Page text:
Call for papers

A workshop at CSCW2016, San Fransisco February 27–March 2, 2016.  

The development of  technologies and practices of broad public participation are changing the notion of the public.  As the use of participatory and social media has become widespread in society and enabled a more collaborative information production, the potential for a transformation of production relations through crowd-based activities affect many aspects of life.  There are new potentials for transformative developments in government, work life, science, and emergency response. However, these new platforms for participation have not solved many of the pre-crowd problems regarding participation, such as lack of representativeness and flawed deliberative processes. Therefore it is interesting to look at the power relations within crowd production and to examine how different tools handle participatory processes in the crowd.

This workshop examines different types of participatory process, in crowd work such as crowdsourced policymaking, crisis management, citizen science and paid crowd work, among other, focusing on relations and power dynamics within and beyond the crowds. We welcome researchers from a diversity of disciplines and perspectives to formulate a typology of participation in crowd work.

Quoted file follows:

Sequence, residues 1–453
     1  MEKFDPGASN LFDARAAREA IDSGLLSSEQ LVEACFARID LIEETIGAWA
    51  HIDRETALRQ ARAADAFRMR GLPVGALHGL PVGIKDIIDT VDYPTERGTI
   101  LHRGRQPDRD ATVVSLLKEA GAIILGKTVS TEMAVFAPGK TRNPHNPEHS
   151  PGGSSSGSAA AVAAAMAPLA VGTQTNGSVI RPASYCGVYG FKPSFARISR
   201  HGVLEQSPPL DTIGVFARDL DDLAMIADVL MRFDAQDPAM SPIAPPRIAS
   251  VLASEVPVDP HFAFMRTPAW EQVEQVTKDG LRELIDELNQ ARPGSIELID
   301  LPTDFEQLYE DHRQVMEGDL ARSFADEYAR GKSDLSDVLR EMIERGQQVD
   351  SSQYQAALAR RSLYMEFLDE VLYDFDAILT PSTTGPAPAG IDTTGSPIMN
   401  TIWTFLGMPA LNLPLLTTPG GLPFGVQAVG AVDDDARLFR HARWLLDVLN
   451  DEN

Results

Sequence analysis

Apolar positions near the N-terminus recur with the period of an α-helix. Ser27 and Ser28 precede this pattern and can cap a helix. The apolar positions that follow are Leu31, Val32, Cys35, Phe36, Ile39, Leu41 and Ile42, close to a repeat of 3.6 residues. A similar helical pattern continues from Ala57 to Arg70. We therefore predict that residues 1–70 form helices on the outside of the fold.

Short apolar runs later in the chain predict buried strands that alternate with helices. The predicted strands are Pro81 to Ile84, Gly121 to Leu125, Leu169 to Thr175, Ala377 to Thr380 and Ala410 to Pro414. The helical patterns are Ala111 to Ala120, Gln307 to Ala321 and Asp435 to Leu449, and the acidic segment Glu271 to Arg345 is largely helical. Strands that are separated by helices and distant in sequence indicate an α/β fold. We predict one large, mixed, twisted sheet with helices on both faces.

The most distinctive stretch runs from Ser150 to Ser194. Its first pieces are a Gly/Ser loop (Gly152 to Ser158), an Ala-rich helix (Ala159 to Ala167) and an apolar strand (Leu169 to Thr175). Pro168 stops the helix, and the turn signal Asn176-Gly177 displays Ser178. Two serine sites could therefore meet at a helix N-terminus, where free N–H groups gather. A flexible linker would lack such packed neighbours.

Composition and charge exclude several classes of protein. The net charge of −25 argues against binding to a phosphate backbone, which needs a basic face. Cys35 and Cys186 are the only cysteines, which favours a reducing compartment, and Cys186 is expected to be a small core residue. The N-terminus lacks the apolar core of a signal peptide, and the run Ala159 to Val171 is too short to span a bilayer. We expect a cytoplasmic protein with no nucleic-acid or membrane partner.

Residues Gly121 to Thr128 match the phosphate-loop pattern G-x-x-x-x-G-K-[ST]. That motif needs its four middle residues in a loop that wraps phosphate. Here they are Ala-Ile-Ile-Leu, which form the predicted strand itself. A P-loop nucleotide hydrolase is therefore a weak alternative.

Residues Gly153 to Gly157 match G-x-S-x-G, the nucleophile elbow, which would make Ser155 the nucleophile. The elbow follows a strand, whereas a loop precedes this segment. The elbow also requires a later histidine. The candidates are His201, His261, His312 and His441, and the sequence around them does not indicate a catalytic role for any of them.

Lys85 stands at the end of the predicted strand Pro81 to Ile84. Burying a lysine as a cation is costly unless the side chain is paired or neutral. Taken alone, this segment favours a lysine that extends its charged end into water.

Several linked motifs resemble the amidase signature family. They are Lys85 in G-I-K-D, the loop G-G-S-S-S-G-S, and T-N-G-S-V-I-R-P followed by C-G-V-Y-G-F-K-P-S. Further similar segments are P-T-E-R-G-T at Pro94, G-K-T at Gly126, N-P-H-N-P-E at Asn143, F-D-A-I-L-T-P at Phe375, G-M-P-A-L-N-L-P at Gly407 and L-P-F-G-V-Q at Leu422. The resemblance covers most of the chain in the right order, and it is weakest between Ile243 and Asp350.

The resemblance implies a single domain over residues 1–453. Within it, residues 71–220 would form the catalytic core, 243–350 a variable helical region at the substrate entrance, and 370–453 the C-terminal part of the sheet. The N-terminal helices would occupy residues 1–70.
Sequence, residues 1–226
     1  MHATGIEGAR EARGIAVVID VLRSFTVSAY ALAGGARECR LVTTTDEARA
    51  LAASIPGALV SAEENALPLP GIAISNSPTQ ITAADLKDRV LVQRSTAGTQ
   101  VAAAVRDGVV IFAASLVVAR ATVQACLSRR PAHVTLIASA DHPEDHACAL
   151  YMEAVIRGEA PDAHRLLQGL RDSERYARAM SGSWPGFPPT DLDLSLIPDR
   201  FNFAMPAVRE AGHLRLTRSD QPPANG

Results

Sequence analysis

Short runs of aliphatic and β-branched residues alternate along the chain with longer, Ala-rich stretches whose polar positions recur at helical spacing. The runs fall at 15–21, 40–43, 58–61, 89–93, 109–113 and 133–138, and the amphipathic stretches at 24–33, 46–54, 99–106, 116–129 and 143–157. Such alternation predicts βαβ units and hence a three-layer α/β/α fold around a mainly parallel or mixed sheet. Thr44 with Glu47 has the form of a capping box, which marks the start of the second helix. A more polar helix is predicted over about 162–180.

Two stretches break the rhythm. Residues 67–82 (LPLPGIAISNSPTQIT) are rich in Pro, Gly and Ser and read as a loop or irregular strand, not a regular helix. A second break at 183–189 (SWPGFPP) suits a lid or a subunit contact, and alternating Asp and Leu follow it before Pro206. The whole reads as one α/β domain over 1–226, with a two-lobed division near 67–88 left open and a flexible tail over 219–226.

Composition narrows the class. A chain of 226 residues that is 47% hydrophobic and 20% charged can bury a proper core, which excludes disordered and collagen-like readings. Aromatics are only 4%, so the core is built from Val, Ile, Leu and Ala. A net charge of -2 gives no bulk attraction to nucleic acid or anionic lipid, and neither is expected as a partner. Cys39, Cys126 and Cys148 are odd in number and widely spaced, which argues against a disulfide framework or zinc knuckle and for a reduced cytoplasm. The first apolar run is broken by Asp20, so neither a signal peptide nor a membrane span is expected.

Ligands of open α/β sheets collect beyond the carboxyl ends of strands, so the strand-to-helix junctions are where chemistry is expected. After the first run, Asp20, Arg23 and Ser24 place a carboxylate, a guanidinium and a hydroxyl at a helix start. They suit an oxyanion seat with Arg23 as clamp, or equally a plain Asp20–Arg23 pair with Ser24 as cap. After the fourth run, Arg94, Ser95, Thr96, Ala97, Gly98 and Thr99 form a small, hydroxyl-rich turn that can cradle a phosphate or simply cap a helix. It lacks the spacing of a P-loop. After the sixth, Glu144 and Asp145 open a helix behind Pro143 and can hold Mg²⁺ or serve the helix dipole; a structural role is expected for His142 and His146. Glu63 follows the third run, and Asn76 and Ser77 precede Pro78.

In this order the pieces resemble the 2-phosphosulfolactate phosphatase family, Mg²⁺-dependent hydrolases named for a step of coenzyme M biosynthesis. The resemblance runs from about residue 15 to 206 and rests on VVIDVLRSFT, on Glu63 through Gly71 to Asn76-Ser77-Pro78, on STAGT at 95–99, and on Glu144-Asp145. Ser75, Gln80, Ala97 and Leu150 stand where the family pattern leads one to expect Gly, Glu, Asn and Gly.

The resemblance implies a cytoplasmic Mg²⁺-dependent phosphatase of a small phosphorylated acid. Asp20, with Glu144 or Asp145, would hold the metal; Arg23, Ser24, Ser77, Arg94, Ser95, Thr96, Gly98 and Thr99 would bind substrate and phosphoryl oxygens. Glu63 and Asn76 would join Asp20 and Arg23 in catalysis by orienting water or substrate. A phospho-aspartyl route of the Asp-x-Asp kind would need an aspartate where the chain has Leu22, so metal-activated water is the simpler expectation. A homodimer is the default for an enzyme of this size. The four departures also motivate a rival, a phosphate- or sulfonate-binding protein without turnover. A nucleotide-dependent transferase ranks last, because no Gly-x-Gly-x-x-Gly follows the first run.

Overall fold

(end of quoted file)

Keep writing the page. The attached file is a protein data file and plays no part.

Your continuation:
Deadline for submissions is December 7
Participants are selected based on their submitted position-papers. The maximum length of a paper is 2,000 words. Submissions and inquiries shall be sent to the following email address:

Suggested sub-themes and topics

Controlling economic structures in crowdwork:

  • Controlling levels of; access; transparency, secrecy, closeness, connectedness, alienation
  • Relation between control dynamics and power relationships outside the technology framework
  •  Differentiations in entry/exit points to the platform
    Intersecting belief systems in crowdwork
  • Norms about crowds, collaboration and democracy
  •  Balance between exclusive groups and open publics
  • Stakeholders’ different cultural assumptions
  • Tensions between individual scoring systems and collective sharing processes

Community support in crowdwork:

  • Communication needs within the crowd
  • Avenues of communication to support community
  • Apprenticeship models
  • Relations between the crowd and the “sourcers”
  • Navigating intersecting communities in crowd setting
  • Relations between different types of stakeholders in the crowd setting

Going from crowd to public:

  • Publics as performative states; co-constitution an interdependence
  • Ethics and power relations in crowd research
  • The power relations between the designer/inventor and the crowd
  • Quantified selves, data sources or co-researchers